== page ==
What happened when Labour came in in 1997?

The scheme was broadened to allow all schools to participate (except those that had failed their inspections by Ofsted, the education standards watchdog, or had shown serious weaknesses – thus needing overall improvement before they could concentrate on a specialism). In addition, the nature of the specialisms was widened to cover all the key subjects in the national curriculum.

To qualify for specialist status, schools had to show they could raise matched funding in order to qualify for a capital grant of £100,000 to improve their facilities. Specialist schools in areas of the curriculum which require aptitude (such as music and sport) rather than academic attainment can select up to 10 per cent of their pupils as a result of their talent for the subject they specialise in.

The sponsorship cash was later reduced to just £50,000 and a central pool set up by the Specialist Schools and Academies Trust to help schools in disadvantaged areas with less chance of raising private cash. As from January 2008, 2, 688 (87.5 per cent) of the 3,073 (excluding CTCs and academies) had specialist status.

What are Smithers' and Robinson's conclusions?

Smithers and Robinson conclude: "Our interpretation is that the specialist schools policy has proved useful as a general programme for freshening up a tired comprehensive system – but it has created a mix of schools with names which do not seem to mean very much."

They add: "It may not be too much of an over-simplification to say that the sum total of research on specialist schools shows that good schools plus extra funding do better."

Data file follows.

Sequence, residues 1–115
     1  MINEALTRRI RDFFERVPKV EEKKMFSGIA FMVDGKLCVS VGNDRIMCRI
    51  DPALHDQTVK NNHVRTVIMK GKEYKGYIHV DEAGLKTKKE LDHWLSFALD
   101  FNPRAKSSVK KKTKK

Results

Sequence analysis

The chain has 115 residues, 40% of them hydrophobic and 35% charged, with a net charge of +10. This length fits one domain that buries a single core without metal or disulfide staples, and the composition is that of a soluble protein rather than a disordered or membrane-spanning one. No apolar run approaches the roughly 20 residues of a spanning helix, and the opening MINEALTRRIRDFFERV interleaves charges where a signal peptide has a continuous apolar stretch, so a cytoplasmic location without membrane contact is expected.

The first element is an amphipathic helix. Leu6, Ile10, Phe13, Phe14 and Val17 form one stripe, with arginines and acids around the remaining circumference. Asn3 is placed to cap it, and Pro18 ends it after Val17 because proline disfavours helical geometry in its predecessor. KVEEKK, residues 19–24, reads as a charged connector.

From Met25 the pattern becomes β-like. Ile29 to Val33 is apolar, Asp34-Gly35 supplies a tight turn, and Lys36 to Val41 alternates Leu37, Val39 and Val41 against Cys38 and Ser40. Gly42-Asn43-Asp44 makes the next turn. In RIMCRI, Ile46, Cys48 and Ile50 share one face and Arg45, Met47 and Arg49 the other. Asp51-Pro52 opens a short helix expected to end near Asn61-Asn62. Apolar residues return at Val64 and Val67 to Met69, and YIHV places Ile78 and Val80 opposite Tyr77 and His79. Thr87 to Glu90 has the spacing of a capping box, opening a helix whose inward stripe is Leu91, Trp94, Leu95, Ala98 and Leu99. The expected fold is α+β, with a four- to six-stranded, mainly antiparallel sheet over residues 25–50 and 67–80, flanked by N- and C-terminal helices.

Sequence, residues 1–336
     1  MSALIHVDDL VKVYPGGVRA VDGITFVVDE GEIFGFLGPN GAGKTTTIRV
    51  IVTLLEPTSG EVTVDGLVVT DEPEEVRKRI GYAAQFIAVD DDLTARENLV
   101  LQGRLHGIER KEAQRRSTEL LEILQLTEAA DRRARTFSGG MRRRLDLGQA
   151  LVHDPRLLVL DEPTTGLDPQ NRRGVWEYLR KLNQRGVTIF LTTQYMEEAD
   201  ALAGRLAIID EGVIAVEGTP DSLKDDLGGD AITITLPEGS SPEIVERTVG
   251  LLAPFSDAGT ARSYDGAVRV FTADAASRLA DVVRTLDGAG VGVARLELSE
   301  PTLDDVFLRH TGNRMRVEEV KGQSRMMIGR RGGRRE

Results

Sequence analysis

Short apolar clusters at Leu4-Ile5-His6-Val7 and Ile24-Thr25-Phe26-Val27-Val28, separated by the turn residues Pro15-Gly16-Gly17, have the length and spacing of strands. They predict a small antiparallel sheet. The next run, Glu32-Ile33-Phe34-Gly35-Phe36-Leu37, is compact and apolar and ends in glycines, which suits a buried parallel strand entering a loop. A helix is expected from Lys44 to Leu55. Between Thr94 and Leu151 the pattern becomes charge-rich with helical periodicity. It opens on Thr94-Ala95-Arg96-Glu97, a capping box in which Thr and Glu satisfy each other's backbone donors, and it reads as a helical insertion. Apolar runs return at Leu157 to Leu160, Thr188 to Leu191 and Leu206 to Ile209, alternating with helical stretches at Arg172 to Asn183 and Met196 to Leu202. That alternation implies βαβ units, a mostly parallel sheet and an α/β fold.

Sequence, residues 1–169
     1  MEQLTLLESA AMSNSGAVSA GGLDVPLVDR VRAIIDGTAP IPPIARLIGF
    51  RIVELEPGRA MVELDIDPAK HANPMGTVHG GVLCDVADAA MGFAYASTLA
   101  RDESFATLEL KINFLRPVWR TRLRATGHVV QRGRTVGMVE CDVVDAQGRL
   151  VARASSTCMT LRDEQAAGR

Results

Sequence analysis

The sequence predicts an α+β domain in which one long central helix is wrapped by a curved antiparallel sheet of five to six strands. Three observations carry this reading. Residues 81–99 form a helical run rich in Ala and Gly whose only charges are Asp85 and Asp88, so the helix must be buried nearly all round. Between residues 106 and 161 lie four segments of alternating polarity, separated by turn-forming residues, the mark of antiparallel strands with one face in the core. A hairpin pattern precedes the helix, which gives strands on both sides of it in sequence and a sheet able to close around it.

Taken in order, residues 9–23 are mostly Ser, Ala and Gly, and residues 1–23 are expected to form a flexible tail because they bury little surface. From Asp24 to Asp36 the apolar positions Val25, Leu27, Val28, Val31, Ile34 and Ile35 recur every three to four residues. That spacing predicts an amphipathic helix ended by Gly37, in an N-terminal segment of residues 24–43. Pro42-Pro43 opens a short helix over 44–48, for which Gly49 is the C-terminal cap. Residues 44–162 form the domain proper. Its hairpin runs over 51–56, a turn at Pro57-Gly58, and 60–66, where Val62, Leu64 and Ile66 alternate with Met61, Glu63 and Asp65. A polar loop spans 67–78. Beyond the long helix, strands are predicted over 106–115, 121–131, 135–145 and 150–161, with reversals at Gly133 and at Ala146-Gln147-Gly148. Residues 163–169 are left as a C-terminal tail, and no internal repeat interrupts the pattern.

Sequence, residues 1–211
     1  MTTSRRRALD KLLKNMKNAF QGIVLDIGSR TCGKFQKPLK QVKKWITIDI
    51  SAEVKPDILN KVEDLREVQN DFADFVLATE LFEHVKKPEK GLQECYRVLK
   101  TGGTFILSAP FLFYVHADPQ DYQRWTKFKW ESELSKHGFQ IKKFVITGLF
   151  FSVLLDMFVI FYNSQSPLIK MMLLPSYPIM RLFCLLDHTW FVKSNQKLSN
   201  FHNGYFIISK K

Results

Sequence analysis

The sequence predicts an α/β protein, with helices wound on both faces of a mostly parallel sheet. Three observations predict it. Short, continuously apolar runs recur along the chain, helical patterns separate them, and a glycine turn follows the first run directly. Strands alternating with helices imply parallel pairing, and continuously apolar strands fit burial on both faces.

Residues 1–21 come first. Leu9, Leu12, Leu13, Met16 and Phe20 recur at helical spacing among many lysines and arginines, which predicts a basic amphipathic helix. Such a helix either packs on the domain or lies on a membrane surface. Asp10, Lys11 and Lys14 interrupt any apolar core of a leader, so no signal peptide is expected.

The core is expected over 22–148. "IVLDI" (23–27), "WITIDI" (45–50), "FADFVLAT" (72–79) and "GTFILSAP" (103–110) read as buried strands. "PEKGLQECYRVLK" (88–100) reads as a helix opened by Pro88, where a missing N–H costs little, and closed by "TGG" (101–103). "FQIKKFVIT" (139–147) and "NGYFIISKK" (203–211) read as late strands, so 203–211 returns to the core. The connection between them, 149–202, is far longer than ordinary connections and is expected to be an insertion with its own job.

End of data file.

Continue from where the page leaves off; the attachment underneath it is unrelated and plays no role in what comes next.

One of the more telling arguments they make in answer to the SSAT's claims that the programme has driven up standards is that there are so few schools left outside of the programme (and many of them have either failed their Ofsted inspection or been warned of serious short-comings) that it not very meaningful to make comparisons between those inside and outside the programme.

What do the defenders of specialist schools make of the report's assertions?

Elizabeth Reid, chief executive of the SSAT, makes the point that – in specialist science schools – the numbers of pupils opting for science subjects has grown and standards have improved. She accepts that schools have used their specialist status to improve their overall performance, but believes that this is no bad thing. New Labour would claim that the broadening of the programme was instrumental in seeing the death of the "bog-standard" comprehensive.